RICHARD BLACKFORD (b.1954): Kalon for String Quartet and Orchestra.
Catalogue Number: 10V053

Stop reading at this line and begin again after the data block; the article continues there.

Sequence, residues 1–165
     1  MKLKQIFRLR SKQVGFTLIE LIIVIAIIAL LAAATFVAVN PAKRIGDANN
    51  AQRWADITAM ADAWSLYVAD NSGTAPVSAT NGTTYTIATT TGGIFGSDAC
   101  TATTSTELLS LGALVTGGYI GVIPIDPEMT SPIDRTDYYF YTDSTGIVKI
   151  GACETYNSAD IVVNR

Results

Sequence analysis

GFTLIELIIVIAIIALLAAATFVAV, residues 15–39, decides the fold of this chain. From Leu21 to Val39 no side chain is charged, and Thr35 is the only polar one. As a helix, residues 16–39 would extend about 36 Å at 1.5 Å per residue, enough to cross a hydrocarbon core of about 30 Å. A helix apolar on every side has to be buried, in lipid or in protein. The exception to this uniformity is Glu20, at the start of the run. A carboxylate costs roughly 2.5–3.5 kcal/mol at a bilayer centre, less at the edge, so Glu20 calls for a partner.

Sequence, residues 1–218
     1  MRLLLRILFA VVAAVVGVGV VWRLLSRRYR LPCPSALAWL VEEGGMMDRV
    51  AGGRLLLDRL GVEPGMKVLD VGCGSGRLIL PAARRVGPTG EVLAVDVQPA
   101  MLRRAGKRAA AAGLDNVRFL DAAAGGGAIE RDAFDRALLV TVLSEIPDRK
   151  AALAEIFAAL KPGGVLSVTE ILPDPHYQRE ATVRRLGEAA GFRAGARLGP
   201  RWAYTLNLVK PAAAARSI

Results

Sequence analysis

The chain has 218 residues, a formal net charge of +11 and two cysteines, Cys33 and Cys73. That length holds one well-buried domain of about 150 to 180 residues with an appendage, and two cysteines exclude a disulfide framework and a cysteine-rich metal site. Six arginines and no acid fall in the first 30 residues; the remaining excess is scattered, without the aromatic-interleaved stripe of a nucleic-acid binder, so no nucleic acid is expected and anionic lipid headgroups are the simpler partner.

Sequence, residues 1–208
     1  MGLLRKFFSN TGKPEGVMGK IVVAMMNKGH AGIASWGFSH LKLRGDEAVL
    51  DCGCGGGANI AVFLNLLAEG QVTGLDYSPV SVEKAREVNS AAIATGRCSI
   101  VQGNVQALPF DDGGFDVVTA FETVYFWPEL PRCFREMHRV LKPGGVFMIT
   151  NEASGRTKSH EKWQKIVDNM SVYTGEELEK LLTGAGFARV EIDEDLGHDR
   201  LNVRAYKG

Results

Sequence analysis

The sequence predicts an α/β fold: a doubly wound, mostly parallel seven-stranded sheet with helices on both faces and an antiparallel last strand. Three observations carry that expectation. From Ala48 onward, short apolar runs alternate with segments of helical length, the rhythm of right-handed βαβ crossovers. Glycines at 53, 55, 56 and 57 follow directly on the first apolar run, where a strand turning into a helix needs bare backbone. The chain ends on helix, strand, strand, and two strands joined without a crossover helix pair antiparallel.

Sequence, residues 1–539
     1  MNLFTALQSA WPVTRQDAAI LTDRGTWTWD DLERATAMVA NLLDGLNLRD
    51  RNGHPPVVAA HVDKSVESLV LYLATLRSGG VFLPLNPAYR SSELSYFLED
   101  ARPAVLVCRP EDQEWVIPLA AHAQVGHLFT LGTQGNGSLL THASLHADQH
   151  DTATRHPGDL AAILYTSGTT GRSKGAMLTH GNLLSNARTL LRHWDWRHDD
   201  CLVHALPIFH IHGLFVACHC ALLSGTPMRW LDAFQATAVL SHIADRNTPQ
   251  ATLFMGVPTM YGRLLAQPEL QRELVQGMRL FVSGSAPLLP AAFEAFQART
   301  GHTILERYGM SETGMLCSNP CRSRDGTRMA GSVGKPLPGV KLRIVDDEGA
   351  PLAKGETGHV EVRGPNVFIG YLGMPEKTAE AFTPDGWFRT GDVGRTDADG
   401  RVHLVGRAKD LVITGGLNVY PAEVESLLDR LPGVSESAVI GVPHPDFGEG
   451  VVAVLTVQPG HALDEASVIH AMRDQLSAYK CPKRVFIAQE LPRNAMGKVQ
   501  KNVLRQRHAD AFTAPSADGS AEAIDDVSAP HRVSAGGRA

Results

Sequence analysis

Description: This 25-minute suite of three movements is, first and foremost, highly approachable and essentially Romantic in concept, similar to the previous works by Blackford that we've offered (12Q065, 05S064 etc.). It is also technically interesting and original, as it was written when Blackford was undertaking Ph.D studies in the use of instrumental groups playing material in contrasting tempi within a composition. He strove to keep the material played harmonically restricted, so as to permit an ebb and flow of consonance and dissonance, and used computer modeling to determine what level of complexity was readily decipherable by the ear. This is all of secondary importance, but it happens to lead to an unusual way of achieving diversity and interest within a tonally stable context, energized by rhythmic complexity. The first movement is a lively exposition of the kind of jubilant, buoyant textures available by this method. The material is based on a recording made by the composer of a three-stringed Cretan lyra, transcribed for the quartet, and thus sounds modal and very southern-European in inflection. The central slow movement is the heart of the piece; it draws inspiration from the Cavatina of Beethoven’s Op.130, chosen as a cultural ambassador to the galaxy aboard the Voyager spacecraft, and also from the heartbreaking circumstances of Jewish string quartets in the Nazi death camps, forced to play the great works of the repertoire while surrounded by unspeakable horror. In this movement the quartet and orchestra are constantly at odds, never synchronized and thus leading to some clashing conflicts. The final movement, 'Stile concitato', uses that strenuous Baroque style of rapid repeated notes to form music that phases in and out of synchronization between the two groups, whose material is barred independently, creating distinct, parallel layers that bring the work to an exhilarating conclusion. Albion Quartet, Czech Philharmonic Orchestra; Jirí Rožeñ.